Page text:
We’re going to need a lot more of these.
Gearing up for more incredible content here. In the meantime, an interesting post is (posted) at Keep Swinging, a Dutch blog in (Dutch) but also in English. A lot of other good stuff is there as well.
Note: Some of the links below will take you to the iTunes music store.
Vernick, who heads up the jazz studies program at Georgia State University, started Jazz Insights as a 10-minute radio show: short vignettes on the basics of jazz for the uninitiated. Since then, he’s continued the program by covering the work of individual jazz artists and their place in the history of the music.
On a series of shows about J.J. Johnson, an initial mention of the slide trombone’s recalcitrant nature is inevitable. Vernick says:
The Trombone is a very difficult instrument. It’s a very ancient instrument. It’s been around for hundreds, if not thousands of years…
It’ll come as no surprise that Dr. Vernick uses recordings as one of the vehicles to recount a jazz artist’s career and development. Continuing with Johnson — the only trombonist featured so far — Vernick begins with J.J.’s early swing-style playing on Lester Leaps In for Norman Granz’s Jazz At the Philharmonic. Johnson’s emerging be-bop style is illustrated by I Mean You with Coleman Hawkins and How Deep Is the Ocean? with Charlie Parker, before we hear classic be-bop dates with J.J. as the leader. By the end of the 40s, we hear how J.J. cooled off a bit.
While recounting his career in the 50s, Vernick discusses Johnson’s involvement in the somewhat short-lived idea of Third Stream Music (A Mix of Jazz and Classical Music) by playing us some of the rare recording Birth of the Third Stream,while getting to J.J.’s musical connection to Miles Davis. Naturally, there’s also discussion of The Eminent J.J. Johnson Volumes One and Two. Along the way, Vernick includes some other important Johnson recordings, including Jay and Kai + 6 (below, courtesy YouTube) and Stan Getz and J.J. Johnson at the Opera House.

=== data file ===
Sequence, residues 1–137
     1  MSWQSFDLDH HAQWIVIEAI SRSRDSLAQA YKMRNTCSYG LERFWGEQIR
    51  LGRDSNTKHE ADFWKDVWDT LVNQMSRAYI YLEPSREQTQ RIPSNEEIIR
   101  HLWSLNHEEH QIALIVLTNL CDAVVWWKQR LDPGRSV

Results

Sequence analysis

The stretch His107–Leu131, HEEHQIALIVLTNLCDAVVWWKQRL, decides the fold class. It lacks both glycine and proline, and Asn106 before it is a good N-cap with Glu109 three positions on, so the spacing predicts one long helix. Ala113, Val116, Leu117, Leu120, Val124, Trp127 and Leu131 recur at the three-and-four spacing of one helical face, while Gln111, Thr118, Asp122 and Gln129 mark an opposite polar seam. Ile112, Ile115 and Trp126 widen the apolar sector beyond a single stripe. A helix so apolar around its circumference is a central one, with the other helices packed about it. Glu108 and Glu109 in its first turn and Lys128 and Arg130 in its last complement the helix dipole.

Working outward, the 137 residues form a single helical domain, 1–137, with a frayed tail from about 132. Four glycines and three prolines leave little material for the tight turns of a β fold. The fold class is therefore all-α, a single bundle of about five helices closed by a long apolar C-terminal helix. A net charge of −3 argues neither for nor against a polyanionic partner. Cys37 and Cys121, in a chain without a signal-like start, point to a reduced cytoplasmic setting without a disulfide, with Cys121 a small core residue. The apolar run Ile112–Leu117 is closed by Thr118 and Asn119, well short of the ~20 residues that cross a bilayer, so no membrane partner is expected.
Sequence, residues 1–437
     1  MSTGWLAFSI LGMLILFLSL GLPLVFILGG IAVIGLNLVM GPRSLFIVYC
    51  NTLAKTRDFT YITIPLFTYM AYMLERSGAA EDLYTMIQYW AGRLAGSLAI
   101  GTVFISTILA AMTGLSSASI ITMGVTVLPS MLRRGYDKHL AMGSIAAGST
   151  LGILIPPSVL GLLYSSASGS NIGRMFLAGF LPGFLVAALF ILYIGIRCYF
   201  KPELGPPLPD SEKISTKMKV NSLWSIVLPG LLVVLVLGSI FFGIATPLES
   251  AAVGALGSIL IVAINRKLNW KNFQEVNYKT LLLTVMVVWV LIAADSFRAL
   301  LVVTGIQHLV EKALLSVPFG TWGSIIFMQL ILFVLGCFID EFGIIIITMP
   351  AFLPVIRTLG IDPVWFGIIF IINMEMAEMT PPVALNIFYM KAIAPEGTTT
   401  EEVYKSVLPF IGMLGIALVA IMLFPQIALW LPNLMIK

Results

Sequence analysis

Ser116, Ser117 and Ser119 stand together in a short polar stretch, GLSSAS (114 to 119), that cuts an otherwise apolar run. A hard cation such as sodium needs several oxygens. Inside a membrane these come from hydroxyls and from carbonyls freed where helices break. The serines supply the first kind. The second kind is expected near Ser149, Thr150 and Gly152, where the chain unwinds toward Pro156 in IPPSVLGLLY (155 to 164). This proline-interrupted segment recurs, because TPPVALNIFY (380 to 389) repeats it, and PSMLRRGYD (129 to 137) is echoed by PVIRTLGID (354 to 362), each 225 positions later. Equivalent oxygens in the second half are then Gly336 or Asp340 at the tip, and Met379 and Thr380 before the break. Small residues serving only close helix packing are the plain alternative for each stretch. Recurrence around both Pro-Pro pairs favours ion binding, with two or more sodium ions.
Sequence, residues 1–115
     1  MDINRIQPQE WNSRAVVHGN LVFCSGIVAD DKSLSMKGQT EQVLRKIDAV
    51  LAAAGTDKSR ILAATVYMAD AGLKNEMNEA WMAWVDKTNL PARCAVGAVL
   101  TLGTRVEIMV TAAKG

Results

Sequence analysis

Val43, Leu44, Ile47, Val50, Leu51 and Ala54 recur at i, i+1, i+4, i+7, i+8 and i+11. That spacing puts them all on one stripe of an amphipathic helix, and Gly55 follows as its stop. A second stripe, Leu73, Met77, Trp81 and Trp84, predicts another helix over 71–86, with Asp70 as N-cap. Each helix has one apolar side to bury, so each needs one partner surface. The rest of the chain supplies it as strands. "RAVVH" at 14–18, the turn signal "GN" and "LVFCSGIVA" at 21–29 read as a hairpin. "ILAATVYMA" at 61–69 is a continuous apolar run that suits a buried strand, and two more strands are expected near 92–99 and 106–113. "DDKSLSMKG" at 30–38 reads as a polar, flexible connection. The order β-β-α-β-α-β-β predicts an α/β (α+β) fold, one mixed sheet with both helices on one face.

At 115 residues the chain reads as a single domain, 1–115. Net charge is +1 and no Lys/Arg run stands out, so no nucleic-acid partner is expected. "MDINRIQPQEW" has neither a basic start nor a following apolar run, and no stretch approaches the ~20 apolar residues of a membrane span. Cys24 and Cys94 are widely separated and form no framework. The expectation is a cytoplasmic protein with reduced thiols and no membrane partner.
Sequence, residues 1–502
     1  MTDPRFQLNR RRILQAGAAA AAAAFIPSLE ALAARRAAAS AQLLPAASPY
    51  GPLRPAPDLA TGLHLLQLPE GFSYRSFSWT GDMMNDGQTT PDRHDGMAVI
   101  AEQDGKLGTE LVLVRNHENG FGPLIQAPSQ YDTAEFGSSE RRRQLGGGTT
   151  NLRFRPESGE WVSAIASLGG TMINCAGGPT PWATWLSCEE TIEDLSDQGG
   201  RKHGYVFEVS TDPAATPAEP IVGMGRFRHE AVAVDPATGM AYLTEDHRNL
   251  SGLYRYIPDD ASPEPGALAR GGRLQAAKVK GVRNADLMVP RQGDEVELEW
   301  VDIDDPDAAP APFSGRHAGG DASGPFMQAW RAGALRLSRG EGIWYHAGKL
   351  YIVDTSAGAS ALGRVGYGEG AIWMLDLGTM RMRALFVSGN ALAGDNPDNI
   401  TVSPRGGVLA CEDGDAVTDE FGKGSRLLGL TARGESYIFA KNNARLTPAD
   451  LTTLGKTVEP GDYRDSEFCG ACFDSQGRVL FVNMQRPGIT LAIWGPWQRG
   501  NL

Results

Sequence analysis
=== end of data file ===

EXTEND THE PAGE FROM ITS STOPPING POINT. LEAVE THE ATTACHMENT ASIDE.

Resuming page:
I won’t spoil it by recounting all of Vernick’s show on J.J. here. You really should go give it a listen yourself. Vernick’s presentational style is friendly and geared towards a jazz novice, but it’s still interesting if you happen to know more. In other words, Jazz Insights is aptly named. Plus, Dr. Vernick has recorded programs on Jackie McLean, Thad Jones, Scott LaFaro, Stan Getz, and other artists. Check it out.
Today is the day of the big rapture, so it might be fitting to consider a few tunes for the end-times. Of course, many people are familiar with REM’s It’s the End of the World As We Know It, but how many have heard Mose Allison’s Ever Since the World Ended?
First things first: it’s time to apologize for the lack of updates here in the month of April. April, which according to poet T.S. Elliot is the cruelest month, is also Jazz Appreciation Month, and National Poetry Month. Cruel, certainly. There were horribly destructive tornadoes in the southern U.S. (Learn more, and how you might help, here).
Fortunately, it’s always jazz appreciation month on this website. Some jazz-in-April links: Over at Jazzwax, Marc Myers is up for two jazz journalist association awards. David Brent Johnson’s Nightlights radio show featured bassist Scott Lafaro, amongst others. Undated, but musician Danny Barnes wrote a great article about how to play in someone else’s band. Don’t forget Donna over at Elements of Jazz dot com. She’s got the Twitter Jazzerati list over there, as well as other great stuff.
And the weather? It was also too cold for April in Minnesota, even in Minnesota. More soon…